By Mike Greenblatt
When Elvis Presley sang “Good Rockin’ Tonight,” you heard Roy Brown. When Robert Plant of Led Zeppelin sang “Rockin’ At Midnight” with The Honeydrippers, you heard Roy Brown. When Fats Domino sang “Let The Four Winds Blow,” you heard Roy Brown. In fact, artists as diverse as Bruce Springsteen, Ricky Nelson, Jerry Lee Lewis, Montrose, Pat Boone and Wynonie Harris all have found their way to the music of the great Roy Brown.
Brown did more to change the course of rhythm and blues between 1948 and 1951 than any other artist at that time. It was Brown — with his 15-straight charting hits — who steered the ship of late ’40s gospel-soul toward what would later become rock and roll. In fact, before Ray Charles turned “call-and-response” church music into “What’d I Say,” it was Brown who incurred the wrath of preachers nationwide for taking that holy feeling and first using it to write songs about sex.
Born Sept. 10, 1925, in New Orleans, Brown, like many black entertainers of his generation, started singing in church. He formed the gospel quartet The Rookie Four, which performed in local churches before Brown moved on to Los Angeles in 1942, according to “The Encyclopedia of Popular Music.”
Brown took a variety of jobs to pay the bills, including working in the sugar cane fields, singing Bing Crosby tunes in amateur talent contests and spending two years in the boxing ring. Although he was moving up in the welterweight division, Brown left boxing behind to move to Texas and sing with The Mellodeers, a club band with a residency in Galveston. He drove the club’s patrons wild with his pleading, beseeching, dramatic vocal delivery to connect with his audience. It was a voice that wound up having a profound influence over artists including Bobby “Blue” Bland, Elvis Presley, Jackie Wilson, James Brown and Little Richard.
In 1947, Brown returned to Louisiana. Strapped for cash, he tried to sell a song he had written to Wynonie Harris, but the bluesman turned him down. Brown sang “Good Rockin’ Tonight” with Harris’ band — a performance that reportedly brought down the house — and later recorded it for the DeLuxe label. (Harris also covered it for King Records.)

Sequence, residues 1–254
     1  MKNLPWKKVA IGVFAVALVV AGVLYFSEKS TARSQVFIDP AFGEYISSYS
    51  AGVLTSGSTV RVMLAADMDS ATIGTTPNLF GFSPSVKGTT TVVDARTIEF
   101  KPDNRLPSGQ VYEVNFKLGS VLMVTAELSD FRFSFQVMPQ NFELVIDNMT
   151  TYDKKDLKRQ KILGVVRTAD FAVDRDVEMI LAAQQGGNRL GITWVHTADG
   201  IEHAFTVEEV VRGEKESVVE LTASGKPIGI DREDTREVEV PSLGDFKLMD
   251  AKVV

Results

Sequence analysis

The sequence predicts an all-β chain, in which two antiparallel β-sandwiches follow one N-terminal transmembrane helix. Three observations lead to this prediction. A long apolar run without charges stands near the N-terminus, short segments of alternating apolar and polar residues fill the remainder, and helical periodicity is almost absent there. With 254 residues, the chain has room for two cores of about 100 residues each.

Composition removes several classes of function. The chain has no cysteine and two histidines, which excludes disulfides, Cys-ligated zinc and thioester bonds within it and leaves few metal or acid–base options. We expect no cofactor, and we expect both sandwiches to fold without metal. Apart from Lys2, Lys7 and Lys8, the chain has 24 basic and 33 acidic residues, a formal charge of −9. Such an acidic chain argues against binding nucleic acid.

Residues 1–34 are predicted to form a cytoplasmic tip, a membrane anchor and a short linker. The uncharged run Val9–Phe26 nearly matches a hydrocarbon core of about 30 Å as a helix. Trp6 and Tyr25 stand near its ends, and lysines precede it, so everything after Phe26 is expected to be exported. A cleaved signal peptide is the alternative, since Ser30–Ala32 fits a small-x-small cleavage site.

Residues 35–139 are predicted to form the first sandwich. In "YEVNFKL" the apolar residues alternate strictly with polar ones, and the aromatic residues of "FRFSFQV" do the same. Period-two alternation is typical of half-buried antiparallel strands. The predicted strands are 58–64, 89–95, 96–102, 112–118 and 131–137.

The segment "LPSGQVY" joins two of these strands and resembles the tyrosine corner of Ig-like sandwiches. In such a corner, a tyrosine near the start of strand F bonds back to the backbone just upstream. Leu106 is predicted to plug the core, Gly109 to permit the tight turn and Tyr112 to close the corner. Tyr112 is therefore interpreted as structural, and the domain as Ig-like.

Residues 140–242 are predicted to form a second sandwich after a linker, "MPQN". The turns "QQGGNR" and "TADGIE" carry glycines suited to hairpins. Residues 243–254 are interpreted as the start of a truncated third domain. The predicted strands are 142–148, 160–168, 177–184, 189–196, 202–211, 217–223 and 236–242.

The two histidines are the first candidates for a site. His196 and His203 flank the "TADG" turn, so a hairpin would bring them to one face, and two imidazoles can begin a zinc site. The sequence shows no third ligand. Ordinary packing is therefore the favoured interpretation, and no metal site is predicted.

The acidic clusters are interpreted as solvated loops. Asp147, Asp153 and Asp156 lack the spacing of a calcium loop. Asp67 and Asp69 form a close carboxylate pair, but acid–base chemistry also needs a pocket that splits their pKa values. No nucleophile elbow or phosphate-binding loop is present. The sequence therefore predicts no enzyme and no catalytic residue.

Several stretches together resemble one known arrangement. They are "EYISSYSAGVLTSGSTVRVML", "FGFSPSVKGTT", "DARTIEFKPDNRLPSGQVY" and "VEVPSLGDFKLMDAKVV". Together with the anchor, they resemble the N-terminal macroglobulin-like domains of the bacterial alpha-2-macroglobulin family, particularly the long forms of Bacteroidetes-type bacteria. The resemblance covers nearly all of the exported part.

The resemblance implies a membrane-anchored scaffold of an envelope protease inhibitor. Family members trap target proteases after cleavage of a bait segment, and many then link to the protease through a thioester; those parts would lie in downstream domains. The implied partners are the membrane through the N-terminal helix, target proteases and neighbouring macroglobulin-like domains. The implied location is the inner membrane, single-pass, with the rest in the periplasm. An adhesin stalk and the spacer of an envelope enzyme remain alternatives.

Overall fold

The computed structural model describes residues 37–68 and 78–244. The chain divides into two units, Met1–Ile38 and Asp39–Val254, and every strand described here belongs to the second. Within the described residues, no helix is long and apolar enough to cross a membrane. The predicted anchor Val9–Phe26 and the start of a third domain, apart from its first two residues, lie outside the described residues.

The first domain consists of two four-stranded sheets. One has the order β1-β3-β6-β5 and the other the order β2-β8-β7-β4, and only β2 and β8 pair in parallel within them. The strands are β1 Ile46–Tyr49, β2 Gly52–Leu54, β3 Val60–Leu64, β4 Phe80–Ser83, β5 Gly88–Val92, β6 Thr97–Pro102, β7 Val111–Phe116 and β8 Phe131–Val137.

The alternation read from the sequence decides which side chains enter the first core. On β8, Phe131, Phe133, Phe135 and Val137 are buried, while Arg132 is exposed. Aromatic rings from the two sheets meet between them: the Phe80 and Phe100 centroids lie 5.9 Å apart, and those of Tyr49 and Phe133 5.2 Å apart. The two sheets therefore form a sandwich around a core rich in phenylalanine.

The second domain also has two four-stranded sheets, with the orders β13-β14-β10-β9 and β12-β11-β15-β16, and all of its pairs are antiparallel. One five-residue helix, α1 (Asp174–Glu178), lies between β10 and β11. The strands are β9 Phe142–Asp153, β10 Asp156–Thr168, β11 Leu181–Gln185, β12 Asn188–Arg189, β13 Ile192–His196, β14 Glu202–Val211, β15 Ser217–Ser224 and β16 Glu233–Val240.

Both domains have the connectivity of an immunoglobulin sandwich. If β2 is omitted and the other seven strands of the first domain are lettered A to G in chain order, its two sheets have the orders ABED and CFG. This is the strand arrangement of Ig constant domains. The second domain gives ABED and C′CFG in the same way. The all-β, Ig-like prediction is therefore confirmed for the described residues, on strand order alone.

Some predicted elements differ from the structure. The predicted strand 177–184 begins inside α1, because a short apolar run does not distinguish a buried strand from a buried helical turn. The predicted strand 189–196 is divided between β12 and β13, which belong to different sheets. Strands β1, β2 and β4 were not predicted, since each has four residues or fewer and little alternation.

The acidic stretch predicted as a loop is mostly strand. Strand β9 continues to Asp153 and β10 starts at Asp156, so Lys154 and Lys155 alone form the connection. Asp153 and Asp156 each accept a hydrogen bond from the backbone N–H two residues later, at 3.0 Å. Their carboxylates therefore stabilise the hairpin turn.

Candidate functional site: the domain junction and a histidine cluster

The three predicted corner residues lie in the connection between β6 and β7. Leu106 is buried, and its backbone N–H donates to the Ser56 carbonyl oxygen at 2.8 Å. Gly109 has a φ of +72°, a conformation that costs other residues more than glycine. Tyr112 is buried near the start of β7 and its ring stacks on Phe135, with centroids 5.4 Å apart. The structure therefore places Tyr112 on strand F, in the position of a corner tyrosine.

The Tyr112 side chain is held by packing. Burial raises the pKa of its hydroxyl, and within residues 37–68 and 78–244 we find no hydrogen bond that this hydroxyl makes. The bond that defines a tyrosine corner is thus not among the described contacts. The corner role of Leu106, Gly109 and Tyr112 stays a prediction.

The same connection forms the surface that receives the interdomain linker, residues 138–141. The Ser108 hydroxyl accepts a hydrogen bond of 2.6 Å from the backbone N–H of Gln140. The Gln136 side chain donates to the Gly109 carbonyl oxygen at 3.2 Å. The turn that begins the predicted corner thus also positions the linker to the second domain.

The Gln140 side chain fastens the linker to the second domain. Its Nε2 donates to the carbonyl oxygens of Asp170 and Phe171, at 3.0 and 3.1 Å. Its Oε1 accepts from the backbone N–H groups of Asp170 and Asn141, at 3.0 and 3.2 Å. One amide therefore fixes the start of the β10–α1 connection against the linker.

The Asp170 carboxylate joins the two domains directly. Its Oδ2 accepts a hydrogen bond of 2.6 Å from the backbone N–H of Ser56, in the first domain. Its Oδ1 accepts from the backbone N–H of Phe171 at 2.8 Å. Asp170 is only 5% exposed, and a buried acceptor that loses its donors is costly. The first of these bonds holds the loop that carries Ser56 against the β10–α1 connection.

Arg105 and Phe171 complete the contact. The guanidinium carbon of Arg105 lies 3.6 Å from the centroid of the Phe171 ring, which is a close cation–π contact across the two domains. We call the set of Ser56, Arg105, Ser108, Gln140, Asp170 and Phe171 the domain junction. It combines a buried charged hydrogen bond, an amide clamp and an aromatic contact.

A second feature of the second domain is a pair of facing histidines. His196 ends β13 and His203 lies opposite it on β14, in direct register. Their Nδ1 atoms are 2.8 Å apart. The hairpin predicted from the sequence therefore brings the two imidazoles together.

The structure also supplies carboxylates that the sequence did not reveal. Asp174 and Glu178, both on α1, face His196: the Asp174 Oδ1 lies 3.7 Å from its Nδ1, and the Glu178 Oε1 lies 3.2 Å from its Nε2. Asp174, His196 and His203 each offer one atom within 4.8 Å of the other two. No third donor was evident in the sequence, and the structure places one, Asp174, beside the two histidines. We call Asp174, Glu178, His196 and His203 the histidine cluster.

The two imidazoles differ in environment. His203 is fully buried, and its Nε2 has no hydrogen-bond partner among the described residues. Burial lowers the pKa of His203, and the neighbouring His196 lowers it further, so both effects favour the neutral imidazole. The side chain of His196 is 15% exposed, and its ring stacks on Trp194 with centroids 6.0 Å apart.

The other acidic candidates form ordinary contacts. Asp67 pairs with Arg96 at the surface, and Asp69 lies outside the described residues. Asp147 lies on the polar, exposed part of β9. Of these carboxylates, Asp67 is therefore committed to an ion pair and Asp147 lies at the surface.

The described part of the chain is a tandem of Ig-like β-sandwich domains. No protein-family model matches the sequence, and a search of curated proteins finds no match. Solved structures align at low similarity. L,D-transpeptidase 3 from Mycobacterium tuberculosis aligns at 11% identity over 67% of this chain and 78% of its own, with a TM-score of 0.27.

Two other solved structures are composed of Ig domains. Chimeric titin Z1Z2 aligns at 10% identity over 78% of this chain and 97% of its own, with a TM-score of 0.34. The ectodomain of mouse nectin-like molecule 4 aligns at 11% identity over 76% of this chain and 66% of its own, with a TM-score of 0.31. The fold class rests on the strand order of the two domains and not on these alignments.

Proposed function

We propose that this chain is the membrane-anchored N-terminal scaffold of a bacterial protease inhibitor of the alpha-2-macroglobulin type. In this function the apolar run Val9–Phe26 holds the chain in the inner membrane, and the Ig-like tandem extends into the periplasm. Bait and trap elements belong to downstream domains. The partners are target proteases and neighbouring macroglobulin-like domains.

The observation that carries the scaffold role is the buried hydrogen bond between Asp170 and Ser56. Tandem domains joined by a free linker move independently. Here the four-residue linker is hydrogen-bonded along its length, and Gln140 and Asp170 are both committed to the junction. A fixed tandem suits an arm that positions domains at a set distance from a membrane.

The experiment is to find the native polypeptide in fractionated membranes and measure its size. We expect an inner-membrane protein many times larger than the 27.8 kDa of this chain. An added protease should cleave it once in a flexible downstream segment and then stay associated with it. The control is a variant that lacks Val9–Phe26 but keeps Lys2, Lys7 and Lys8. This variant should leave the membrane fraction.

Along with his backing band, The Mighty Mighty Men, Brown enjoyed a solid run in the late 1940s to early 1950s with songs including “Hard Luck Blues,” “Boogie At Midnight” and “Love Don’t Love Nobody.”
In 1952, Brown became the first singer to successfully sue a label for back royalties. Author Nick Tosches, in his book “Unsung Heroes Of Rock ’n’ Roll,” posits the theory that not only did Brown’s pioneering courtroom win over King Records fail to help other artists who regularly were cheated, it likely got him blacklisted. That, and IRS charges for tax evasion — which resulted in a brief prison sentence — effectively stifled his career. By the start of the 1960s, Brown was selling encyclopedias door to door.
Brown’s comeback came in 1970, when he was a featured performer in The Johnny Otis Show at the Monterey Jazz Festival. Brown put out a pair of singles on the Mercury label — 1970’s “It’s My Fault Darling”/“Love For Sale (73166) and 1971’s “Mail Man Blues”/“Hunky Funky Woman” (73219) — and toured throughout the rest of the decade.
In 1981, Brown headlined the New Orleans Jazz and Heritage Festival — just weeks before his May 25 death from a heart attack at age 55. GM